ILLINOIS APPELLATE COURT FIRST DISTRICT (3RD DIVISION) JUDGMENT AFFIRMED.
OPINION FILED JUNE 18, 1980.
THE PEOPLE EX REL. PEGGY MARTIN, PLAINTIFF-APPELLANT,
MELVIN PRESSWOOD, DEFENDANT-APPELLEE.
APPEAL from the Circuit Court of Cook County; the Hon. HENRY
X. DIETCH, Judge, presiding.
MR. JUSTICE RIZZI DELIVERED THE OPINION OF THE COURT:
This suit was brought pursuant to the Illinois Paternity Act (Ill. Rev. Stat. 1977, ch. 40, par. 1351 et seq.). Complainant, Peggy Martin, charged defendant, Melvin Presswood, with fathering the child that was born to her out of wedlock. The jury made a finding of no paternity and further found that defendant was not the father of complainant's child. We affirm.
Prior to the trial, it was agreed that conception took place between March 11, 1977, and June 11, 1977. Complainant testified that she had engaged in sexual intercourse with defendant three or four times in April, 1977 and again on May 20, 1977. Neither she nor defendant used any contraceptive device. When complainant told defendant that she was pregnant, he said that no matter what happened, he was going to take care of it. Complainant also stated that she did not accuse defendant of fathering her child until after the baby was born and she was informed by Public Aid that she could not receive any funds until she named the father. She denied having sexual relations with anyone other than defendant during the 10 months preceding the baby's birth on January 11, 1978.
Defendant acknowledged having sexual intercourse with complainant on May 20, 1977, but disavowed having sex with her at any other time. He testified that he did not use any form of birth control on that occasion, but was unaware whether complainant had used any contraceptive. Although he was informed by complainant that she was pregnant, he did not know that she considered him the father until this suit was instituted. Defendant stated that he never made any admissions that he was the child's father, and complainant's testimony corroborates this statement.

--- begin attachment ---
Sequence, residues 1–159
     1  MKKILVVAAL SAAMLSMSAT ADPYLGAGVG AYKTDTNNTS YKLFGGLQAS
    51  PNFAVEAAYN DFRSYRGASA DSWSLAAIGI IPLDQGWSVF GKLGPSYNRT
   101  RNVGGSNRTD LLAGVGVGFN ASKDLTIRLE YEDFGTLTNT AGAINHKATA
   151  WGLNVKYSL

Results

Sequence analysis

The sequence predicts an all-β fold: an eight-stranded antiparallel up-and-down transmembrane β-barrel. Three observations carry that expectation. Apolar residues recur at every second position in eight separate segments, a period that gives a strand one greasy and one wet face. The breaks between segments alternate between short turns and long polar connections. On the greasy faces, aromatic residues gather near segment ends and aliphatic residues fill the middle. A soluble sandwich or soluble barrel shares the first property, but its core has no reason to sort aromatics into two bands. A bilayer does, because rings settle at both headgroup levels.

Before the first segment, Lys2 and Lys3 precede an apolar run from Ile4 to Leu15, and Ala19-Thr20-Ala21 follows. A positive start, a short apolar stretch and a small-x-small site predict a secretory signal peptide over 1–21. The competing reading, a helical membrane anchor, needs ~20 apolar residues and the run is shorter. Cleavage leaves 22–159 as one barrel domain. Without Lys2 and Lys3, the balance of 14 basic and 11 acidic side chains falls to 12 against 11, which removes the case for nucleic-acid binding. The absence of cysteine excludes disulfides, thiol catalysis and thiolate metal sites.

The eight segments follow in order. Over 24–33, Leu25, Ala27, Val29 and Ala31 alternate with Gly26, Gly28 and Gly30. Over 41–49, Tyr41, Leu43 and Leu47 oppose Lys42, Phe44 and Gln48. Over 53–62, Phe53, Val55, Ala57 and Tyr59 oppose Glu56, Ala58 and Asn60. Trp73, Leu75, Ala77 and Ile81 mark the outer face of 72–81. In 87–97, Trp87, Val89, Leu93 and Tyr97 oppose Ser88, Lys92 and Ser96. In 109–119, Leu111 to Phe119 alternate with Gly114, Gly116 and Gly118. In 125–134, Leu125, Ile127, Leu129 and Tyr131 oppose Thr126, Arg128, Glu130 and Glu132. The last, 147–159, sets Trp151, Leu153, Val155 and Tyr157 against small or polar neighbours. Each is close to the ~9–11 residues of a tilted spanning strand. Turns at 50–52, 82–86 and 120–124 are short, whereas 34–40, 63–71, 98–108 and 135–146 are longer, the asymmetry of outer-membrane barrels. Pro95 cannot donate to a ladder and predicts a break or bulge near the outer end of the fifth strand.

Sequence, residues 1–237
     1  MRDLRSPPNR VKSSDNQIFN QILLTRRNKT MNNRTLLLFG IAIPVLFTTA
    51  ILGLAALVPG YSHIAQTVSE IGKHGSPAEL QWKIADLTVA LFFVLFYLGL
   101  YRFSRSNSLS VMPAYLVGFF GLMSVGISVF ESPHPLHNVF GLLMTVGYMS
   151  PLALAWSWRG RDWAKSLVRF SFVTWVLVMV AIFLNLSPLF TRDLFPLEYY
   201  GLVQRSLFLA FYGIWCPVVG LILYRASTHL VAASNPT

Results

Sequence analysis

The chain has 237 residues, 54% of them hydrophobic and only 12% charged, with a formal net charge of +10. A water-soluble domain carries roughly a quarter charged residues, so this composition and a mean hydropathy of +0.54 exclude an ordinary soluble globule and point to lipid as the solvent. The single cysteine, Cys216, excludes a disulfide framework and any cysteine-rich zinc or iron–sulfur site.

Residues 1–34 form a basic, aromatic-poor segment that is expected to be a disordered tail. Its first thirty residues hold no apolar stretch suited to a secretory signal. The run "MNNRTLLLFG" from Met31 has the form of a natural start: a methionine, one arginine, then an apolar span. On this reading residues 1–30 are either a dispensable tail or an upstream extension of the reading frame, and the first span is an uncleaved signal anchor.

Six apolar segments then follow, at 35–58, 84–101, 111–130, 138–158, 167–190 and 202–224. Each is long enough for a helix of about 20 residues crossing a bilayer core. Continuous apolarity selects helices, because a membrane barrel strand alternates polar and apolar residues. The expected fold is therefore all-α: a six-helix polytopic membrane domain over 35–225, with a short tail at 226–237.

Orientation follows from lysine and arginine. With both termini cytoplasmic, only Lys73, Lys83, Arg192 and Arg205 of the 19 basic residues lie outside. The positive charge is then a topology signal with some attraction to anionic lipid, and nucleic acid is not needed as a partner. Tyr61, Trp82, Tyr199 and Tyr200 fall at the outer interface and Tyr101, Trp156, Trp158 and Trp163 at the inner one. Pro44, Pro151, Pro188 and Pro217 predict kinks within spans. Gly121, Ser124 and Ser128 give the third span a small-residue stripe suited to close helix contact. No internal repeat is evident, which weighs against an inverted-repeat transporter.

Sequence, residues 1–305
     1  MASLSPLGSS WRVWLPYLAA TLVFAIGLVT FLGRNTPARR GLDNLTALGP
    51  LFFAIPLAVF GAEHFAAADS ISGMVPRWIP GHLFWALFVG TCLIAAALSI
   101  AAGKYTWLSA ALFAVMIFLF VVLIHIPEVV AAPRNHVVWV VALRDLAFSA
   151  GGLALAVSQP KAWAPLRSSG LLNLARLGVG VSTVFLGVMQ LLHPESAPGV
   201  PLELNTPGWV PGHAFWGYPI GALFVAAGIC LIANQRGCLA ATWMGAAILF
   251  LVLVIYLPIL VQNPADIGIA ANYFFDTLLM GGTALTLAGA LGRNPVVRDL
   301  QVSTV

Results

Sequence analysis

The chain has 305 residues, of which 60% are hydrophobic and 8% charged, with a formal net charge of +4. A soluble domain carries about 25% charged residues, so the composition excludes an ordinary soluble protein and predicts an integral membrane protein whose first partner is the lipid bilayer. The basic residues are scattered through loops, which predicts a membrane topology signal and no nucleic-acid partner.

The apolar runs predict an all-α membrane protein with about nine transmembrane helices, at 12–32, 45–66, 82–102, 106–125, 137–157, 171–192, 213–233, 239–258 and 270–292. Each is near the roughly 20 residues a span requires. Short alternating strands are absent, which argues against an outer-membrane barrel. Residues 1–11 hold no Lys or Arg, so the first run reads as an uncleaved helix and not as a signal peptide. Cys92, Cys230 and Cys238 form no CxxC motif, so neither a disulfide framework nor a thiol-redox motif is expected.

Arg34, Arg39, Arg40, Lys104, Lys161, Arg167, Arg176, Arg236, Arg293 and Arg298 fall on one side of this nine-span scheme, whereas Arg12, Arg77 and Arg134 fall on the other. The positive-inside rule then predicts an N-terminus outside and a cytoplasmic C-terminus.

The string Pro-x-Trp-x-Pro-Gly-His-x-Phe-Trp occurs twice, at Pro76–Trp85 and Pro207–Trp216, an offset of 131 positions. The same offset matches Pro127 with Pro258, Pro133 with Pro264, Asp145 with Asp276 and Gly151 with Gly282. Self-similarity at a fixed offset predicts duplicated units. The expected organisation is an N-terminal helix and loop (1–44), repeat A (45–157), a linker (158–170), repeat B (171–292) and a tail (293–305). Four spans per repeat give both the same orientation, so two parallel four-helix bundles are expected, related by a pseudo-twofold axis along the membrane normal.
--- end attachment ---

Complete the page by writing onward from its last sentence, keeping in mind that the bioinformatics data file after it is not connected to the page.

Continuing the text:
Complainant argues that the trial court erred in denying her motion for judgment notwithstanding the verdict. Such judgments are to be entered only when "* * * all of the evidence, when viewed in its aspect most favorable to the opponent, so overwhelmingly favors movant that no contrary verdict based on that evidence could ever stand." Pedrick v. Peoria & Eastern R.R. Co. (1967), 37 Ill.2d 494, 510, 229 N.E.2d 504, 513-14; see Petrous v. Roberts (1973), 12 Ill. App.3d 992, 299 N.E.2d 322.
According to complainant, the evidence presented on the material issues showed that defendant admitted to having intercourse with her once during the period of conception, and that no contraceptives were used on that occasion. Complainant contends that once these essential facts were established, it was incumbent on defendant to produce evidence that complainant had engaged in sexual relations with another male during the relevant time period. No such evidence was presented. Therefore, complainant argues, no material facts were in dispute, and as a result, credibility ceased to be an issue. She concludes that when the evidence is viewed in the aspect most favorable to defendant, it so overwhelmingly favors complainant that no verdict for defendant could ever stand. We disagree, since there is adequate evidence to support a determination that defendant is not the father of complainant's child.
Contrary to what complainant argues, credibility is actually the crucial issue here. In a paternity suit, both the mother and the defendant are competent witnesses, and their credibility is determined by the trier of fact. (Ill. Rev. Stat. 1977, ch. 40, par. 1356; see People ex rel. Gomez v. Wedech (1978), 58 Ill. App.3d 518, 520, 374 N.E.2d 849, 851.) Here, complainant and defendant were the only witnesses. The judge and the jury had the opportunity to observe their demeanor and listen to their testimony. The decision reached below reflects a finding that defendant was the more credible witness. The evidence, when viewed most favorably to defendant, supports this conclusion.
Defendant never made any admissions that he was the father of complainant's child. The testimony does not disclose any actions on defendant's part which were inconsistent with a denial of paternity. Defendant never discussed marriage with complainant (see People ex rel. Temple v. Williams (1976), 40 Ill. App.3d 764, 353 N.E.2d 94), or exhibited concern for the welfare of the child (see People v. Rimicci (1968), 97 Ill. App.2d 470, 240 N.E.2d 195).
1 Complainant's credibility, however, was impaired by her failure to inform defendant that he was the father of her child. When viewed most favorably to defendant, this failure casts doubt on complainant's testimony that she did not have sex with any other male during the period of conception. The jury was not required to believe complainant's statement merely because it was unrebutted. See Ruggiero v. Public Taxi Service, Inc. (1973), 16 Ill. App.3d 754, 758-59, 306 N.E.2d 567, 570-71; Storm v. Brown (1973), 15 Ill. App.3d 29, 32, 303 N.E.2d 42, 44.
2 Thus, when all of the evidence is construed most favorably to defendant, it is sufficient to support the finding of no paternity. Accordingly, judgment entered in the trial court is affirmed.
McGILLICUDDY, P.J., and SIMON, J., concur.
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